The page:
- Buying followers just increases your reach (number of people that might qualify to see your posts). Reach is a low-level goal. And it is a no-level goal if the followers you bought don’t care about what you have to say.
Note: There is something to be said for the credibility of having lots of followers but today everyone knows that people are buying followers and scamming for auto follows, so who are you trying to fool? Concentrate on engaging the number you have and they will grow organically.
You can run contests and giveaways to increase your qualified followers (people who want your books). I would rather have 1,000 people who like to read my kind of books than 10,000 bots and fake followers who will never buy one book.
5. Social media will not help me sell any books.
This is a particularly common misconception for authors. If done correctly, social media does help sell books.
The problem with this myth is that represents a misunderstanding of the benefits of social media marketing. Authors have two basic needs when it comes to marketing: sell more books and build a dedicated fan base. Social media is better at the second but it can certainly do the first.
6. Social media results cannot be measured.
Social media can certainly be measured, but you need something to measure first.
What is your goal? Increase followers? Build an advance reader team? Increase sales with a launch campaign? Build an email list?
Most people don’t know how to match goals to measurement. But don’t worry—this can all be learned. The backbone of good marketing is a plan. If you have a plan that includes goals, measurements, strategies, and tactics, you will know exactly what you are measuring.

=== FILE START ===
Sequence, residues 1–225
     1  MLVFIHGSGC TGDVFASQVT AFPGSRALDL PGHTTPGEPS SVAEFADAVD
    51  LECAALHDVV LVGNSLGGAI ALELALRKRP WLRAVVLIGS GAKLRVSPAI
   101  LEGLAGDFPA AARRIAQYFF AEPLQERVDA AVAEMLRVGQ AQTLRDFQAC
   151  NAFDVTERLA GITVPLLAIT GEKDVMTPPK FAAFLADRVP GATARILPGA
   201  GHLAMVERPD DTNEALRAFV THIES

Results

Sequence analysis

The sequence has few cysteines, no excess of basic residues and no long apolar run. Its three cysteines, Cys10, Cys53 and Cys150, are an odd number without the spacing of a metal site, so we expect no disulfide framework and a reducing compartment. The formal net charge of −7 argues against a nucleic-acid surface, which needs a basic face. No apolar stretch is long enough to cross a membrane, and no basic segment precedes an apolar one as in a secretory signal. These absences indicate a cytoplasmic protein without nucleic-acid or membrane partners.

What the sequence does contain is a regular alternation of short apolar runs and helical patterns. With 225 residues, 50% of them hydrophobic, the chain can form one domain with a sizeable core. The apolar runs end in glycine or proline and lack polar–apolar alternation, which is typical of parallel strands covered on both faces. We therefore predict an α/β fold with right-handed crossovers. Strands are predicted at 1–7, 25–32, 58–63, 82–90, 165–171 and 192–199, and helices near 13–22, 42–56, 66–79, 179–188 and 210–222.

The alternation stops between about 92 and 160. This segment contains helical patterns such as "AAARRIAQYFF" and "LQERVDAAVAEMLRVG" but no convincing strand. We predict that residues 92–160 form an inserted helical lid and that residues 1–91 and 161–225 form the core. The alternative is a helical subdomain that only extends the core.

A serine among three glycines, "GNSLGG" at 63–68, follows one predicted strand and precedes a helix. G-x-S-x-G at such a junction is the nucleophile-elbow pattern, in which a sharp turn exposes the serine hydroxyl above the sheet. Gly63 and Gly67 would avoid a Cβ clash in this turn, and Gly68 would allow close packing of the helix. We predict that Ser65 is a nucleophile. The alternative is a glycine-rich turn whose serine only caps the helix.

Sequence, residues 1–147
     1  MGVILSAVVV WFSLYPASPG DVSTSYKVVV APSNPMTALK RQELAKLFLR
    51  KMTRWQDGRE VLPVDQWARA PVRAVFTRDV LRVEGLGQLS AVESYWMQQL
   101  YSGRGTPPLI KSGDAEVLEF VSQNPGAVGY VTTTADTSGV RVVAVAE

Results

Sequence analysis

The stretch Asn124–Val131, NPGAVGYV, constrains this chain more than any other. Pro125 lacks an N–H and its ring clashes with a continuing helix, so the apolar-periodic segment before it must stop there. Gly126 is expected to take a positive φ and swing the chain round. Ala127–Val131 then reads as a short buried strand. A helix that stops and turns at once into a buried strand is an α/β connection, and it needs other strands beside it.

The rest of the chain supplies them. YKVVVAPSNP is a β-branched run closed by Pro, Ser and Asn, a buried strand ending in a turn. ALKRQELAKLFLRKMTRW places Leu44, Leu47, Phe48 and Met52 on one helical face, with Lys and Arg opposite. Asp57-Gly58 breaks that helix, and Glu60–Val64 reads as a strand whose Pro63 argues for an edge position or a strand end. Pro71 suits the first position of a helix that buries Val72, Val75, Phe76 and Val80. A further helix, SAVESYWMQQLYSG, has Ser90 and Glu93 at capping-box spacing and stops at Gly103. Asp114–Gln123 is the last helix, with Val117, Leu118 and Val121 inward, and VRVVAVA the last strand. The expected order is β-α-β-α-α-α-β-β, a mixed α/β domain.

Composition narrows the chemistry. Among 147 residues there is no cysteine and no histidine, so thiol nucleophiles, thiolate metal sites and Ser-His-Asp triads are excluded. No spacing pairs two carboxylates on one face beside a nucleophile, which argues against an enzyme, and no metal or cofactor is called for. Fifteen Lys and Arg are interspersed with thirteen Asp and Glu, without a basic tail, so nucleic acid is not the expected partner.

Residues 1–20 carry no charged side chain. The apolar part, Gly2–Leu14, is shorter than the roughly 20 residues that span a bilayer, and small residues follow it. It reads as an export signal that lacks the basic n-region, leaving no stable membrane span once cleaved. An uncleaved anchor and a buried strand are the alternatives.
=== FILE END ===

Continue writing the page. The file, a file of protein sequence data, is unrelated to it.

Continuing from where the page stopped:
If you are just playing darts with a blindfold on, even if you hit the bullseye, you won’t know how you got there.
7. Social media is only for young people.
A whopping 71 percent of American adults online use social media—53 percent of them use more than one network. As of last year, for the first time in history, the majority of online adults over age 65 now use social media. The 18-29 group has the highest percentage at 90 percent, but all age groups are on social media now. The 30-49 age group is second at 70 percent of online adults.
This myth is a lame argument anymore.
8. I am too old to learn how to use social media.
This myth is vaguely related to number seven.
Social media savvy is not the domain of the young. If you are adept enough to write books, you can certainly learn how to use social media.
The trick is finding help learning how to do it right. Find some resources you can trust. Take some free online webinars from trusted sources, follow bloggers who know what they’re talking about, and network with other authors who are in your same boat. I think the really intimidating piece here is the learning curve. But once you get around the curve, the road is pretty straight.
9. Social media is free.
Boy I wish. Most of the platforms are free to use but maintaining a consistent presence takes time and resources, and sometimes money. You know the old saying, time is money. And time will be your biggest cost.
In addition, email providers, website hosting, images, and advertisements all cost money. Although it is possible to do social media well on a shoestring, reaching a wider audience often costs money. The good news is, there are ways to control your budget and still be successful.
10. Social media is a soap box for me to sell my books.
I don’t know if anyone really says this, but they certainly act it out. If all you do on social media is tweet or post “Buy my book” then you are failing. If you sell a handful of books with this method, think of how many you could sell if you actually built a platform to sell more books and develop a dedicated fan base.
The formula for selling on social media is “you have to earn the right to sell.” You do that by producing entertaining, helpful content that shows people you care more about them than you do about selling books. It doesn’t matter if you write fiction or nonfiction, this is still the formula.
What can you do to bust some of these myths in your own social media today? Share your thoughts in a comment below!